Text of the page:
Here in index.js we write a new function to fetch planet info once, which is very similar to renderPokemon.

async function fetchAbilityInfo(p, requiresProxy) {
  let url = p.getAttribute('ability');

  requiresProxy = requiresProxy || false;
  requiresProxy ? url = 'https://cors-anywhere.herokuapp.com/' + url : url = url;

  const resp = await fetch(url);
  const json = await resp.json();

  for (let i = 0; i < json.flavor_text_entries.length; i++) {
    let obj = json.flavor_text_entries[i];
    if (obj.language.name == 'en') {
      p.textContent = p.textContent + ' ' + obj.flavor_text;
      break;
    }
  }
};

Now we can invoke this function, loop through pokemon to observe any new elements.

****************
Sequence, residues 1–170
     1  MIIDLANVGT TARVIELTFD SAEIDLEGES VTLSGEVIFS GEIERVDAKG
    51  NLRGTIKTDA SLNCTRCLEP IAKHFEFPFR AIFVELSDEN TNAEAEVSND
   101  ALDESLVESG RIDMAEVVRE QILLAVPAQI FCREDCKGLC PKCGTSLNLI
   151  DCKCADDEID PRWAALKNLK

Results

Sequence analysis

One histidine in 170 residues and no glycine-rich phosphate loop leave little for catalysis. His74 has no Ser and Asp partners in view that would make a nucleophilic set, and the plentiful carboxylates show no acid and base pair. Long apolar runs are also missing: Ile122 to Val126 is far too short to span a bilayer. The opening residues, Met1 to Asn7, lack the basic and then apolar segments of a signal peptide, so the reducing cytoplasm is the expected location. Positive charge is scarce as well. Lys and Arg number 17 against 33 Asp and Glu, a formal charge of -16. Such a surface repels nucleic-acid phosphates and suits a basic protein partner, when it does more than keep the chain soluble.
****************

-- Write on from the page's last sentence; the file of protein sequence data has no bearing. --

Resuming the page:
const pokemon = document.querySelectorAll('.pokemon');
if (pokemon) {
  pokemon.forEach(p => {
    observer.observe(p, {
      childList: true
    });
  });

  setTimeout(function disconnect() {
    console.log('disconnecting mutation observer');
    observer.disconnect();
  }, 10000);
}

Be sure to disconnect the mutation observer when you're finished.

Within the observer's conditional, here's how we can manipulate the element when planetInfo is available.

if (mutation.addedNodes.length) {
  console.log('Node Added', mutation.addedNodes[0]);
  if (mutation.addedNodes[0].querySelector('span')) {
    if (mutation.addedNodes[0].querySelector('span').hasAttribute('ability')) {
      mutation.addedNodes[0].querySelectorAll('span').forEach(e => {
        fetchAbilityInfo(e);
        console.log('Node Updated', e);
      });
    }
  }
}

Here's the final result!

Fetched Pokemon & Ability Info

This is just scratching the surface. Mutation observers are capable of a lot more than this. If you want to follow along, I have the code available on Github.

Copyright © 2020. Jake Birkes